Scottish National Dictionary (1700–)

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STUNDER, n. A sudden whim or impulse, a freakish notion or action, also in form stunderimp, id. (Ork. 1929 Marw., Ork. 1971). Adj. stundery, fitful, apt to act in a freakish or irresponsible manner (Id.); moody (Ork. 1971). Nonce deriv. stoondriment, a fit of unusual behaviour (Ork. 1971), of which stunderimp above may be a corruption. Ork. 1911  Old-Lore Misc. IV. ii. 67:
An old man who took what was called a “stunder afore daeth,” and married a young woman.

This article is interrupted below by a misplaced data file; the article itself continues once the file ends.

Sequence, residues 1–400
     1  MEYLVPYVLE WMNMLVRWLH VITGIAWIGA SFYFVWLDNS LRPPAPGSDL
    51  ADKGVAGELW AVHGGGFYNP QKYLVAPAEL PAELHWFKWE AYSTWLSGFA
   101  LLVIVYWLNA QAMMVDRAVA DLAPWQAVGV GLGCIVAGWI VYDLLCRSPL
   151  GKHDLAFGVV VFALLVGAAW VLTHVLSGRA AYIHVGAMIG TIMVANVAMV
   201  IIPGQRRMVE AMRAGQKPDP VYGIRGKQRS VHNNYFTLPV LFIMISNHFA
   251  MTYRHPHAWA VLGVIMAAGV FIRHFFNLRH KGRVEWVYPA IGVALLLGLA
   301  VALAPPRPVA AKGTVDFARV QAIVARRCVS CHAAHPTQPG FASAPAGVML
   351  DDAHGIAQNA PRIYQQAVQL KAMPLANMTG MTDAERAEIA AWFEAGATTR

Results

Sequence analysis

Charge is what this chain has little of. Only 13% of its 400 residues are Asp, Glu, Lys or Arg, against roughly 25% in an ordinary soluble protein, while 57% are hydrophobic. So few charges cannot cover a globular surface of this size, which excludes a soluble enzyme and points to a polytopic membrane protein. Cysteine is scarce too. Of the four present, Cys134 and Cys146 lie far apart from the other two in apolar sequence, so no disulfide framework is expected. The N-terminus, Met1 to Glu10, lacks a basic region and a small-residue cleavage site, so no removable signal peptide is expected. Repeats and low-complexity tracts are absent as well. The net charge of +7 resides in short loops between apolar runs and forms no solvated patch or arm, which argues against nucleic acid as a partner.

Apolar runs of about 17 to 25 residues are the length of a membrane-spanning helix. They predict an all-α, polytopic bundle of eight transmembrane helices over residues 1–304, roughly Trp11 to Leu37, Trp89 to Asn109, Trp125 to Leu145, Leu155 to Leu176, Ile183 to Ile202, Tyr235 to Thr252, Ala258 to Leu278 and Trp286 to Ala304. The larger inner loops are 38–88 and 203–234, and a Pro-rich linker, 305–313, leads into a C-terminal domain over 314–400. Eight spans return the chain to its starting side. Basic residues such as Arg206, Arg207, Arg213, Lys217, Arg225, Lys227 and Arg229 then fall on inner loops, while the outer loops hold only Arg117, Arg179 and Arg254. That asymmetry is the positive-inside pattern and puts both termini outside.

Ork. 1920  :
The horse teuk a stunder (sudden swerve) tae the side. The man teuk a stunder that he wisno right lukkit efter.
Ork. 1948 1 :
My watch has taen a stoondriment o keepin correct time.

[An intensive deriv. of Stound, n.1, 4., q.v.]

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"Stunder n.". Dictionary of the Scots Language. 2004. Scottish Language Dictionaries Ltd. Accessed 15 Dec 2017 <http://www.dsl.ac.uk/entry/snd/stunder_n>

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